• 32. USENIX LISA10 November 7, 2010 Another MTTDL Model MTTDL[1] model doesn't take into account unrecoverable read But unrecoverable reads (UER) are becoming the dominant failure mode UER specifed as errors per bits read More bits = higher probability of loss per vdev MTTDL[2] model considers UER 32 Sunday, November 7, 2010
  • 33. USENIX LISA10 November 7, 2010 Why Worry about UER? Richard's study 3,684 hosts with 12,204 LUNs 11.5% of all LUNs reported read errors Bairavasundaram et.al. FAST08 www.cs.wisc.edu/adsl/Publications/corruption-fast08.pdf 1.53M LUNs over 41 months RAID reconstruction discovers 8% of checksum mismatches “For some drive models as many as 4% of drives develop checksum mismatches during the 17 months examined” Manufacturers trade UER for space 33 Sunday, November 7, 2010
  • 34. USENIX LISA10 November 7, 2010 Why Worry about UER? RAID array study 34 Sunday, November 7, 2010
  • 35. USENIX LISA10 November 7, 2010 Why Worry about UER? RAID array study 35 Unrecoverable Reads Disk Disappeared “disk pull” “Disk pull” tests aren’t very useful Sunday, November 7, 2010
  • 36. USENIX LISA10 November 7, 2010 MTTDL[2] Model Probability that a reconstruction will fail Precon_fail = (N-1) * size / UER Model doesn't work for non-parity schemes single vdev, striping, RAID-0 Single Parity (mirror, RAIDZ, RAID-1, RAID-5) MTTDL[2] = MTBF / (N * Precon_fail) Double Parity (3-way mirror, RAIDZ2, RAID-6) MTTDL[2] = MTBF2/ (N * (N-1) * MTTR * Precon_fail) Triple Parity (4-way mirror, RAIDZ3) MTTDL[2] = MTBF3/ (N * (N-1) * (N-2) * MTTR2 * Precon_fail) 36 Sunday, November 7, 2010
  • 37. USENIX LISA10 November 7, 2010 Practical View of MTTDL[1] 37 Sunday, November 7, 2010
  • 38. USENIX LISA10 November 7, 2010 MTTDL[1] Comparison 38 Sunday, November 7, 2010
  • 39. USENIX LISA10 November 7, 2010 MTTDL Models: Mirror 39 Spares are not always better... Sunday, November 7, 2010
  • 40. USENIX LISA10 November 7, 2010 MTTDL Models: RAIDZ2 40 Sunday, November 7, 2010
  • 41. USENIX LISA10 November 7, 2010 Space, Dependability, and Performance 41 Sunday, November 7, 2010
  • 42. USENIX LISA10 November 7, 2010 Dependability Use Case Customer has 15+ TB of read-mostly data 16-slot, 3.5” drive chassis 2 TB HDDs Option 1: one raidz2 set 24 TB available space 12 data 2 parity 2 hot spares, 48 hour disk replacement time MTTDL[1] = 1,790,000 years Option 2: two raidz2 sets 24 TB available space (each set) 6 data 2 parity no hot spares MTTDL[1] = 7,450,000 years 42 Sunday, November 7, 2010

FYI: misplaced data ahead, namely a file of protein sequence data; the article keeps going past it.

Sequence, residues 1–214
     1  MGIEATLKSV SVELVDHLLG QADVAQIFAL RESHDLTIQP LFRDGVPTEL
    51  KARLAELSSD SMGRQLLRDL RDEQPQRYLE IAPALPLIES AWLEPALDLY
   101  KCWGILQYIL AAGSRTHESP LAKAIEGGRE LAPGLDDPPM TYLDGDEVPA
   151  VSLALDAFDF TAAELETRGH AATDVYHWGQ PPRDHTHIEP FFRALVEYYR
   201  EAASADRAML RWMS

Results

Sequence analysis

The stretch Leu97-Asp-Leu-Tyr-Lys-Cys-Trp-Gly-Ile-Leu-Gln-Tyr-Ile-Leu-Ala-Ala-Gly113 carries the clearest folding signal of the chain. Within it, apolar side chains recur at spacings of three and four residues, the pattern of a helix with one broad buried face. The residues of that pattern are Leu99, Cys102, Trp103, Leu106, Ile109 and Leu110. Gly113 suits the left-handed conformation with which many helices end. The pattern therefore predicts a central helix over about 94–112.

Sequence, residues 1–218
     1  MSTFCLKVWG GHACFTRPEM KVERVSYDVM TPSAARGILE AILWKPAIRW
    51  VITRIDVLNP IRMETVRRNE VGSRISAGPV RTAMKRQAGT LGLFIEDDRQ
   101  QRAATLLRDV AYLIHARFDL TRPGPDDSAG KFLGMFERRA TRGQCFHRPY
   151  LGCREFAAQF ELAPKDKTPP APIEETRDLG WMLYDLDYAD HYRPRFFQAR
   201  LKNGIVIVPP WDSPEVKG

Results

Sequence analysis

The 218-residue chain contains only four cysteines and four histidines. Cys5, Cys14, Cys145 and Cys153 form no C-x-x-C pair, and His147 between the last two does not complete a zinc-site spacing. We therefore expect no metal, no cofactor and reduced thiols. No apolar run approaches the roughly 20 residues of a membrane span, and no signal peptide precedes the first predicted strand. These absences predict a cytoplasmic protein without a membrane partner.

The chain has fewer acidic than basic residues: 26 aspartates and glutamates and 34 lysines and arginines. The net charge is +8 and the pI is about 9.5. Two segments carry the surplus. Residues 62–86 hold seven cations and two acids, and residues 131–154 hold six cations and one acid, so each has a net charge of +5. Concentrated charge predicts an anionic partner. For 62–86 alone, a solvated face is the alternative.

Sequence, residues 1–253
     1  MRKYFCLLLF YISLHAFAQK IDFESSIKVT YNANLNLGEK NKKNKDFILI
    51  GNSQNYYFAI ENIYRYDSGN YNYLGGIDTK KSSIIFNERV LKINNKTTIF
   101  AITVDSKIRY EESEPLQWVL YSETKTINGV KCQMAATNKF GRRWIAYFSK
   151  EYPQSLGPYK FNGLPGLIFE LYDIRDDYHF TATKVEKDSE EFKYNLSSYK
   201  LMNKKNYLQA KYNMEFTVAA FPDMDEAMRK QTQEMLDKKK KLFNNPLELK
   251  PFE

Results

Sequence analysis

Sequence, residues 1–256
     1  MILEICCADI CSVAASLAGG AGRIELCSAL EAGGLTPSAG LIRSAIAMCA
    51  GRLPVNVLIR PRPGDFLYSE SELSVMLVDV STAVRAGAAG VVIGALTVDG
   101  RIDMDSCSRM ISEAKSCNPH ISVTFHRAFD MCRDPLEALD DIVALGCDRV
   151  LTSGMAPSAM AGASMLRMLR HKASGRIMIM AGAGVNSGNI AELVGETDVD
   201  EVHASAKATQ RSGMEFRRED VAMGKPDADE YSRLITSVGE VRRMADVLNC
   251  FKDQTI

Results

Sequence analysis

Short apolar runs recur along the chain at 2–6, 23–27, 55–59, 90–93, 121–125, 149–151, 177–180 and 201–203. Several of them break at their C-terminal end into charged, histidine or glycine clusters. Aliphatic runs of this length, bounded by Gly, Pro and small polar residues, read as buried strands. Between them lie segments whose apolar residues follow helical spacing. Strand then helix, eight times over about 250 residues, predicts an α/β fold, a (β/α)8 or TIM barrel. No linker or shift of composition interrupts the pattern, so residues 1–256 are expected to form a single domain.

• 43. USENIX LISA10 November 7, 2010 Planning for Spares Number of systems Need for spares How many spares do you need? How often do you plan replacements? Replacing devices immediately becomes impractical Not replacing devices increases risk, but how much? There is no black/white answer, it depends... 43 Sunday, November 7, 2010
  • 44. USENIX LISA10 November 7, 2010 SparesOptimizer Demo 44 Sunday, November 7, 2010
  • 45. Capacity, Planning, and Design 45 Sunday, November 7, 2010
  • 46. USENIX LISA10 November 7, 2010 46 Space Space is a poor sizing metric, really! Technology marketing heavily pushes space Maximizing space can mean compromising performance AND reliability As disks and tapes get bigger, they don’t get better $150 rule PHB’s get all excited about space Most current capacity planning tools manage by space Sunday, November 7, 2010
  • 47. USENIX LISA10 November 7, 2010 Bandwidth Bandwidth constraints in modern systems are rare Overprovisioning for bandwidth is relatively simple Where to gain bandwidth can be tricky Link aggregation Ethernet SAS MPIO Adding parallelism beyond 2 trades off reliability 47 Sunday, November 7, 2010
  • 48. USENIX LISA10 November 7, 2010 Latency Lower latency == better performance Latency != IOPS IOPS also achieved with parallelism Parallelism only delivers latency when latency is constrained by bandwidth Latency = access time + transfer time HDD Access time limited by seek and rotate Transfer time usually limited by media or internal bandwidth SSD Access time limited by architecture more than c Transfer time limited by architecture and interface Tape Access time measured in seconds 48 Sunday, November 7, 2010
  • 49. 49 Deduplication Sunday, November 7, 2010